October 17, 2016: Scientific Reports
Huan-Yuan Chen, Dapi Meng-Lin Chiang, Zi-Jing Lin, Chia-Chun Hsieh, Gung-Chian Yin, I-Chun Weng, Peter Guttermann, Stephan Werner, Katja Henzler, Gerd Schneider, Lee-Jene Lai, Fu-Tong Liu
Mast cells play an important role in allergic responses. During activation, these cells undergo degranulation, a process by which various kinds of mediators stored in the granules are released. Granule homeostasis in mast cells has mainly been studied by electron microscopy (EM), where the fine structures of subcellular organelles are partially destroyed during sample preparation. Migration and fusion of granules have not been studied in detail in three dimensions (3D) in unmodified samples. Here, we utilized soft X-ray tomography (SXT) coupled with fluorescence microscopy to study the detailed structures of organelles during mast cell activation...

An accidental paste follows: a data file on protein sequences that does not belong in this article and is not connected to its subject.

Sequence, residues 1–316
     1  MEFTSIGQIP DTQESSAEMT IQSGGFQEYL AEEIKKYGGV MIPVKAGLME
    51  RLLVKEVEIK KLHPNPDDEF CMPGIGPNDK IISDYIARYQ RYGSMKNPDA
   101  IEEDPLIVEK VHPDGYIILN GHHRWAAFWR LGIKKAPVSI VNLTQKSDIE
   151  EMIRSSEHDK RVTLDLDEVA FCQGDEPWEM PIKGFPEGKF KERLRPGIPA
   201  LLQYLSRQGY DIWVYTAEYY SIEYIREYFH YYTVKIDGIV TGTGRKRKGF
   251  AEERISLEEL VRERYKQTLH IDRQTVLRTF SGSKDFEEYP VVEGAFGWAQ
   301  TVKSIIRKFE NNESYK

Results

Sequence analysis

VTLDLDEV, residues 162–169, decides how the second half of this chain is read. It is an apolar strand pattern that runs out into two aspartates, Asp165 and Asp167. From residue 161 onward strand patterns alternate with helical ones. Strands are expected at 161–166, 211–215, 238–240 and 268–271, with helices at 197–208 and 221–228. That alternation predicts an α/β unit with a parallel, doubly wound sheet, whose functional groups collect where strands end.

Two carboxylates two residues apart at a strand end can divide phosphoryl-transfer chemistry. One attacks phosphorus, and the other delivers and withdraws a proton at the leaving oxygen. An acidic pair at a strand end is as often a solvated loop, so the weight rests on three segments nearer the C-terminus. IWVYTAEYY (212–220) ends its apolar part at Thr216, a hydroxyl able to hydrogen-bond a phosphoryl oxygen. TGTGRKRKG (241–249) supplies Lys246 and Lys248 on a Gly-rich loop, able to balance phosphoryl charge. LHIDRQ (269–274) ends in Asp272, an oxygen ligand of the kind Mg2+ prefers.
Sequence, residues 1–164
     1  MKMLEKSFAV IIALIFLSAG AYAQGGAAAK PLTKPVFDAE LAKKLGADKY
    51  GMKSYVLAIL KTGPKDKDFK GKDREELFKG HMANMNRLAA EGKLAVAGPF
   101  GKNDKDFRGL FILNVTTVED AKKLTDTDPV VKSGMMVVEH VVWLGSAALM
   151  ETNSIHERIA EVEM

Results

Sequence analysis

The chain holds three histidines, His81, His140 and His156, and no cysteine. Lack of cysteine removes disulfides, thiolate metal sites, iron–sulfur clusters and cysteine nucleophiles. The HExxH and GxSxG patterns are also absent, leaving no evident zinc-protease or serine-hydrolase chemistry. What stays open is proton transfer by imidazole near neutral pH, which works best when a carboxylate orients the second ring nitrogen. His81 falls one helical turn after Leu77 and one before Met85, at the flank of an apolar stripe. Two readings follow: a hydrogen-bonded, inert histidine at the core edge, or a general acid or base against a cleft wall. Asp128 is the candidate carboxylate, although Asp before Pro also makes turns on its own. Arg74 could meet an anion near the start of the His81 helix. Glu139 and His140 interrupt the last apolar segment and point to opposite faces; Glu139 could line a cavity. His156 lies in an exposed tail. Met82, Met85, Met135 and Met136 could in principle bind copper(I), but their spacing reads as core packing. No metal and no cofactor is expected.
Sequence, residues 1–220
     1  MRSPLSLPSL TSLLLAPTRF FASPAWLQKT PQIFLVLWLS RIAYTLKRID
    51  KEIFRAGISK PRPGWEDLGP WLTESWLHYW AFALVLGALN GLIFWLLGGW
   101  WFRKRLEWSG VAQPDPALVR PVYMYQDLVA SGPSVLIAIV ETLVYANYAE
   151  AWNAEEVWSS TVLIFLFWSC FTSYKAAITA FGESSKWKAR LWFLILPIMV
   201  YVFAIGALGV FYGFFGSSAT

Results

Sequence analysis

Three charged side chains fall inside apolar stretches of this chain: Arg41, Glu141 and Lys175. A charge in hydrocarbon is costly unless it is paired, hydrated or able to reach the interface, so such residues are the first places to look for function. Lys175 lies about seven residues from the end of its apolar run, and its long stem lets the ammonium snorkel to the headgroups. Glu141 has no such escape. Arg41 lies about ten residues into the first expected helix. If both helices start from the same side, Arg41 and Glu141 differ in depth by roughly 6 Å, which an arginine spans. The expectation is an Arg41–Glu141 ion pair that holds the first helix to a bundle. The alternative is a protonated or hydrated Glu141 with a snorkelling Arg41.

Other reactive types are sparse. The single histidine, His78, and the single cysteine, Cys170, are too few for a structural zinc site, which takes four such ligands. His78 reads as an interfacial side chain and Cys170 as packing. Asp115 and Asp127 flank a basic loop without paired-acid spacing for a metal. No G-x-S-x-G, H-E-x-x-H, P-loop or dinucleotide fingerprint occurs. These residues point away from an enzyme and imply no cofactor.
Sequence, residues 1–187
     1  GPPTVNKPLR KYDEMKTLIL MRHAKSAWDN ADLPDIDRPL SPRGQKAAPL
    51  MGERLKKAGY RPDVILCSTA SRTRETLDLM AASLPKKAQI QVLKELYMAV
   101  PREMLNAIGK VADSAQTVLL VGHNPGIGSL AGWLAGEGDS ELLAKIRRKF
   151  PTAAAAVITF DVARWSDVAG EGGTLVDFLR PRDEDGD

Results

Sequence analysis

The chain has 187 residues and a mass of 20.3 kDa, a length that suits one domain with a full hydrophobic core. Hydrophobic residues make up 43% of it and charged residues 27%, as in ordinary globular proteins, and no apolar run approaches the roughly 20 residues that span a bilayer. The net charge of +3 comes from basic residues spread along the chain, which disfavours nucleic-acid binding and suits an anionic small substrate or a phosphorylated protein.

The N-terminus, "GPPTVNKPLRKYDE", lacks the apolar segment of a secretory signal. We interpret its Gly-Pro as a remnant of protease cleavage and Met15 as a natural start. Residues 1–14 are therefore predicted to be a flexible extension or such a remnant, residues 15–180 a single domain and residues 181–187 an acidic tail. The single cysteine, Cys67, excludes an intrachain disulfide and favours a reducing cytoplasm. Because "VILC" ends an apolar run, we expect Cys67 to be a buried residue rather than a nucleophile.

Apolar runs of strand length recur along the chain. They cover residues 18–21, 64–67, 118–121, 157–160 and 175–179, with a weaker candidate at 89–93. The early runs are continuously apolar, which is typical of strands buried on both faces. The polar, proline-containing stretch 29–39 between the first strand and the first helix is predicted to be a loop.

October 17, 2016: Scientific Reports
Yong-Jiang Zhang, Fulton E Rockwell, Adam C Graham, Teressa Alexander, N Michele Holbrook
We report a novel form of xylem dysfunction in angiosperms: reversible collapse of the xylem conduits of the smallest vein orders that demarcate and intrusively irrigate the areoles of Quercus rubra leaves. Cryo-scanning electron microscopy revealed gradual increases in collapse from ~ -2 MPa down to ~ -3 MPa, saturating thereafter (to -4 MPa). Over this range cavitation remained negligible in these veins. Imaging of rehydration experiments showed spatially variable recovery from collapse within 20 seconds, and complete recovery after two minutes...
October 12, 2016: Plant Physiology
Igor Orlov, Alexander G Myasnikov, Leonid Andronov, S Kundhavai Natchiar, Heena Khatter, Brice Beinsteiner, Jean-François Ménétret, Isabelle Hazemann, Kareem Mohideen, Karima Tazibt, Rachel Tabaroni, Hanna Kratzat, Nadia Djabeur, Tatiana Bruxelles, Finaritra Raivoniaina, Lorenza di Pompeo, Morgan Torchy, Isabelle Billas, Alexandre Urzhumtsev, Bruno P Klaholz